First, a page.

Bridge Over Troubled Gums
- Posted on: Aug 30 2018
Often a person will lose a tooth, either to trauma or decay, and they will opt to simply leave the gap in their teeth. This is especially true if the missing tooth is a molar, which isn’t readily seen by others. After all, it’s just a single tooth, right? An estimated 69% of Americans age 35 to 44 have at least one missing tooth.
The gap isn’t the problem, it’s the other teeth. Like fans in packed bleachers at a Newton Tigers game, when the person between two people leave, the remaining people tend to slide over into the gap. This is just what your teeth do because they no longer have the pressure from the adjacent teeth to stay in place. This causes issues with your bite and overall tooth alignment.
While at Cosmetic Dentistry Center we believe dental implants are the best solution to replace missing teeth, sometimes patients prefer the option of the less involved solution of a bridge.
What is a bridge?
Like the Tobin Memorial, a dental bridge simply spans a gap from a missing tooth or teeth. Bridges are anchored with a crown on the healthy teeth on each side of the missing tooth, with an artificial tooth (called a pontic) in the middle. The adjacent teeth on each side are the abutment teeth. Bridges can be made of a variety of materials, but the most common bridge materials we use at Cosmetic Dentistry Center are porcelain and ceramic.
How is a bridge placed?
When we opt for a bridge for our patients at Cosmetic Dentistry Center, the first step is to prepare the abutment teeth. We remove some of each of the two abutment teeth to make room for crowns to be placed atop both teeth. We then take dental impressions. The bridge will be a single piece, with crowns on both sides and the pontic or pontics in between. If the bridge is very simple, we may be able to use our in-house CEREC system to fabricate it. Otherwise, we send the impressions to a dental lab to create your bridge.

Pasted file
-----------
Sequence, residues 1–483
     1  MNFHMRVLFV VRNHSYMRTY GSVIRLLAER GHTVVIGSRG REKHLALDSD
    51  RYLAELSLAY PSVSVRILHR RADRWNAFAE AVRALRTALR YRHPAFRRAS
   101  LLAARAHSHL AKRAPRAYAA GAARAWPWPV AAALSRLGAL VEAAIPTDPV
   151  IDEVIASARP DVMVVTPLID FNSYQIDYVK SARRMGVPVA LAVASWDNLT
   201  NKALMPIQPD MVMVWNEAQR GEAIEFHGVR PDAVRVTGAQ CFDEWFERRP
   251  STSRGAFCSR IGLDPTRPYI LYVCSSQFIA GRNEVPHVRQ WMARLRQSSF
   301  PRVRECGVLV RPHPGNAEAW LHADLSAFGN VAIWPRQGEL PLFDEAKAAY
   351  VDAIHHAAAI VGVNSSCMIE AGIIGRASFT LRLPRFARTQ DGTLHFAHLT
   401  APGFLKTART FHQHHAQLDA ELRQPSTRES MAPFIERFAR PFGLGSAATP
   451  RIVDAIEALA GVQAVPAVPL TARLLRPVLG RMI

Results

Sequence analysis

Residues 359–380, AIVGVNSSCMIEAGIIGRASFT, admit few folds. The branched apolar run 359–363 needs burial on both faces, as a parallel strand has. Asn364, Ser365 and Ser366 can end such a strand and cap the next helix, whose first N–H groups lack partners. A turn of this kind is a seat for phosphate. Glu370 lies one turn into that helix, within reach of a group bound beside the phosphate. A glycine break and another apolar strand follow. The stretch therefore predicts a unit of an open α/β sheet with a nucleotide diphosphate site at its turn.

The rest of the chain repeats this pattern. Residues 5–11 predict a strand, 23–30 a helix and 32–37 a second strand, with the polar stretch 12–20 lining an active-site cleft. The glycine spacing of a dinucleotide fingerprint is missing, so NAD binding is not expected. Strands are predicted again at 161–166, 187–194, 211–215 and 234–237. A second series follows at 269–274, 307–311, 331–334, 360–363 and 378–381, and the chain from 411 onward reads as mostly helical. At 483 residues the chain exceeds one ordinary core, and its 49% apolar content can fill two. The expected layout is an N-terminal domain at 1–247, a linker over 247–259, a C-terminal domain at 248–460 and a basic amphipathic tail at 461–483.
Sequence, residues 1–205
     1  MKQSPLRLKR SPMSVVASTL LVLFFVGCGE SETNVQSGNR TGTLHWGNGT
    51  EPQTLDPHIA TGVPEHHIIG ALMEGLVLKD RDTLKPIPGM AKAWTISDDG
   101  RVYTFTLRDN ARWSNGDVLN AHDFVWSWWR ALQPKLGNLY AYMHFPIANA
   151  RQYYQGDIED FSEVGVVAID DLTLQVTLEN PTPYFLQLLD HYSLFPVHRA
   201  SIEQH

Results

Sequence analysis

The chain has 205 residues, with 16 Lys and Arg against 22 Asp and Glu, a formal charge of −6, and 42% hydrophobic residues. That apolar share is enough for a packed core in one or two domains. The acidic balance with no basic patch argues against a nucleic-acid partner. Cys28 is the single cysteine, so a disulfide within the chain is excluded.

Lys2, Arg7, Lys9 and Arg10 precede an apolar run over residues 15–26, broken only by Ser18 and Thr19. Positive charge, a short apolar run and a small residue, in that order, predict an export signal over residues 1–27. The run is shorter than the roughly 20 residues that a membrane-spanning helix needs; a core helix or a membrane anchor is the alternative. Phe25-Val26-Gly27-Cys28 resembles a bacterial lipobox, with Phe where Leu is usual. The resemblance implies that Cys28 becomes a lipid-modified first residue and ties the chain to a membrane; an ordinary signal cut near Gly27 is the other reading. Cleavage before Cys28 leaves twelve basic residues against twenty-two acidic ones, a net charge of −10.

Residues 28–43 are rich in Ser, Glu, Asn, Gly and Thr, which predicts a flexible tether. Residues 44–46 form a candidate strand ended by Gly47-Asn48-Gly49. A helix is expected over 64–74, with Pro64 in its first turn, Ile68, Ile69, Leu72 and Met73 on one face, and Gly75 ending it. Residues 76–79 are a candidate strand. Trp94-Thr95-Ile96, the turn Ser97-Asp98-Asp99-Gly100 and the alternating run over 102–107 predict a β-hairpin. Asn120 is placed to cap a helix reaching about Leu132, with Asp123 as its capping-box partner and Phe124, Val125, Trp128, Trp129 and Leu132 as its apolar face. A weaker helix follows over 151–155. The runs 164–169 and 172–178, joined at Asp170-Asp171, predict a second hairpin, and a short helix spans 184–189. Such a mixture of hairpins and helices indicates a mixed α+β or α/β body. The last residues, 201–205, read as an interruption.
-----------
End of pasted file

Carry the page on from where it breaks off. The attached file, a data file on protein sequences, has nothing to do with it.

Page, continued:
When your bridge is finished we check the fit and the color match of your bridge. If everything looks good, we cement the crowns down onto your abutment teeth and you’re good to go.
The lifespan of a bridge is variable, usually lasting from 5-15 years, but they can last longer than that. Crowns can last the rest of your life, if you practice good home hygiene. Any decay on the abutment teeth, however, can cause a bridge to become loose. Also, the overall bridge may break down with wear and stress over the years, contributing to its eventual need for replacement.
If you’re missing a tooth, don’t pretend like you play for the Bruins; get it replaced with a dental implant or a bridge. Call the team at Cosmetic Dentistry Center, (617) 965-7673, to make an appointment.
Posted in: Bridges